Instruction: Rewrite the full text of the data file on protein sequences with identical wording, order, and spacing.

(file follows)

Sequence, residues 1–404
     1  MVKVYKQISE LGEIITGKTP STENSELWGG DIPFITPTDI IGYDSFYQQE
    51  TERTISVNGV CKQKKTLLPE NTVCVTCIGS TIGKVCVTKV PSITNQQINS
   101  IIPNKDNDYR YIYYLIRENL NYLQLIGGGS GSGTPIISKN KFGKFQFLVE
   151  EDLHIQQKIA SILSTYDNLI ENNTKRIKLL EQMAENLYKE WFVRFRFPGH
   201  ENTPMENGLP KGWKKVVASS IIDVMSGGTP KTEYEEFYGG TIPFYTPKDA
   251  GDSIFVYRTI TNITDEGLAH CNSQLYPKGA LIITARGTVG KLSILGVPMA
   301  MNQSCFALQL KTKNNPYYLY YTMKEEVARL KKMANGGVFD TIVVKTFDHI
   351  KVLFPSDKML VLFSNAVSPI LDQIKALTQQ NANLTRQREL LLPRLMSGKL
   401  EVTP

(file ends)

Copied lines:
Sequence, residues 1–404
     1  MVKVYKQISE LGEIITGKTP STENSELWGG DIPFITPTDI IGYDSFYQQE
    51  TERTISVNGV CKQKKTLLPE NTVCVTCIGS TIGKVCVTKV PSITNQQINS
   101  IIPNKDNDYR YIYYLIRENL NYLQLIGGGS GSGTPIISKN KFGKFQFLVE
   151  EDLHIQQKIA SILSTYDNLI ENNTKRIKLL EQMAENLYKE WFVRFRFPGH
   201  ENTPMENGLP KGWKKVVASS IIDVMSGGTP KTEYEEFYGG TIPFYTPKDA
   251  GDSIFVYRTI TNITDEGLAH CNSQLYPKGA LIITARGTVG KLSILGVPMA
   301  MNQSCFALQL KTKNNPYYLY YTMKEEVARL KKMANGGVFD TIVVKTFDHI
   351  KVLFPSDKML VLFSNAVSPI LDQIKALTQQ NANLTRQREL LLPRLMSGKL
   401  EVTP